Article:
But what appears to be a tidy solution in economic textbooks is being ferociously resisted in the real world. While the U.S. and China are the central front in the currency war, battle lines are being drawn all over. According to one study, G20 members have imposed 111 protectionist measures just since their last meeting in June.
Furthermore, research by the Organization for Economic Cooperation and Development, the club of rich nations, and the UN Committee on Trade and Development found that governments are continuing to prop up financial institutions worldwide. Germany, for example, has programs that direct banks to lend to manufacturing firms to help them weather the crisis, and the U.S. government still owns General Motors, at least until its shares can be sold off.
For the U.S., the biggest pressure point is a familiar one: China. The U.S. had hoped to use the G20 summit to gang up on China for its policies that keep its currency, the renminbi, pegged to the dollar at levels the U.S. claims are "artificially" low.
This, according to Obama administration officials, is the real reason that China accounted for more than 80 percent of the U.S. trade deficit with China in 2009. Moreover, the decline in both the value of the dollar and the renminbi has hit other industrializing countries such as Brazil and South Africa, which find themselves contending with cheaper Chinese imports.
These developing countries are also receiving an influx of "hot money"--investors looking for higher interest rates, higher profits and stronger currencies. Those capital flows tend to: one, push up the value of a country's currency, making its exports less competitive; and two, destabilize its financial system by making it vulnerable to a sudden outflow of funds. In response, Brazil imposed capital controls, with its finance minister declaring what had become increasingly obvious--that the world is in the midst of a currency war.
So with Brazil and other countries suffering collateral damage in the U.S.-China battle, U.S. Treasury Secretary Tim Geithner apparently thought he could direct these tensions against China in the run-up to the G20 summit. Instead, however, the U.S.'s own currency manipulation became the subject of ire at the G20 summit--low interest rates plus a new injection of $600 billion into the economy by the Federal Reserve.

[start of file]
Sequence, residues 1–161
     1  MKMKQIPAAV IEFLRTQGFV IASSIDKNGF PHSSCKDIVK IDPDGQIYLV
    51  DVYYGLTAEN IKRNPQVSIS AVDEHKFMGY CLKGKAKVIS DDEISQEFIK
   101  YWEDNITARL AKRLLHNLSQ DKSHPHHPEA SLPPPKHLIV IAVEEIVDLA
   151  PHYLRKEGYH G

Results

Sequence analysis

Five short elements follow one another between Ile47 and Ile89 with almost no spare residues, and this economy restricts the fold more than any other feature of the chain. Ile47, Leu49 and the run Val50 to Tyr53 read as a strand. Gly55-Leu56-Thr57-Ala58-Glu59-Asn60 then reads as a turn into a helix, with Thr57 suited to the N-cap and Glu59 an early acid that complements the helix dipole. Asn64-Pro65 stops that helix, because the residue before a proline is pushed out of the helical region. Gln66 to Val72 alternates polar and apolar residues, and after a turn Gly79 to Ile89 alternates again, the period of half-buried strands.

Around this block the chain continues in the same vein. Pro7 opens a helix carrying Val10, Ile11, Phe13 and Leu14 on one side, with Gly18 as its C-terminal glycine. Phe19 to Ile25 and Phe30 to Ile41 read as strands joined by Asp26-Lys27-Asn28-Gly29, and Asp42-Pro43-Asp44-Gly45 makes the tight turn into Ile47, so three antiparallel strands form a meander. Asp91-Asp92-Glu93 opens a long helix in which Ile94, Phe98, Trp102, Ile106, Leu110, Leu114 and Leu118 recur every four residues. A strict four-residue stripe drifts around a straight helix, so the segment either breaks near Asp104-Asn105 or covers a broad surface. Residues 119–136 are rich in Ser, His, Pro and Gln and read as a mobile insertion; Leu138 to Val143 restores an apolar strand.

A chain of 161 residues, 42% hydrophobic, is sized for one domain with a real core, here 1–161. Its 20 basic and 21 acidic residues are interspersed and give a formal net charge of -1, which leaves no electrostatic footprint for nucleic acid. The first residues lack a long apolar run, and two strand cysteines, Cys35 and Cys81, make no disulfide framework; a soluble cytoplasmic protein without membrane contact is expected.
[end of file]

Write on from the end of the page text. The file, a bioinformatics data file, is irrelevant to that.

The measure, known in economists' jargon as "quantitative easing," is the modern equivalent of printing more money. The more dollars in circulation, the less they are worth relative to other currencies. This is the latest in a series of efforts by the U.S. government to drive down the value of the dollar relative to the euro, the Japanese yen and other major currencies as part of President Barack Obama's plan to double U.S. exports in five years.
German Finance Minister Wolfgang Schäuble told Der Spiegel magazine that "the American growth model...is stuck in a deep crisis," adding, "It doesn't add up when the Americans accuse the Chinese of currency manipulation and then, with the help of their central bank's printing presses, artificially lower the value of the dollar."
What unites Germany and China is the fact that both are what economists call "surplus" countries--that is, they export far more than they import. To rebalance the world economy, they would have to stimulate their domestic economies by raising wages and increasing demand, and make their exports more expensive.
But Germany is resisting this course for fear that it would cost the country its competitive advantage on the world market. At the same time, Germany is also driving the austerity programs being pushed across Europe, both to defend the euro as a viable currency and to ensure that its banks recover as much debt as possible from highly indebted countries like Greece, Ireland, Italy, Portugal and Spain.
For its part, China has moved to stimulate its internal market--but far too slowly to have the impact the U.S. wants to see. Moreover, the Chinese economy is heavily geared to exporting to the U.S. and other countries, and investment is still mainly concentrated in industry and infrastructure, rather than consumer goods. And China's rulers aren't eager to surrender their advantage in labor costs, which is already under pressure from rivals like Vietnam.
Chinese policymakers worry--correctly--that the U.S. is out to repeat the Plaza Accord of 1985, in which the U.S. successfully pressured Japan to allow its currency, the yen, to appreciate sharply against the dollar. The aim of the operation was to curb Japanese imports to the U.S., but the side effect was a financial bubble in Japan, followed by a decade of economic stagnation when the bubble burst. But while Japan's economy drifted, the Chinese economy surged ahead, surpassing it this year to become the world's second largest economy after the U.S.
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CHINA'S RISE makes it far more difficult for the U.S. to strong-arm the country's leaders the way it did to Japanese politicians 25 years ago.
That's partly because of China's control of an estimated $1 trillion in U.S. government and agency bonds, which makes China the major creditor of the U.S. government. But the real complication for U.S. policymakers is that the U.S. and Chinese economies are closely intertwined as the result of U.S. multinational corporations' successful efforts to use China as a low-cost export platform to compete with Japan since the 1990s.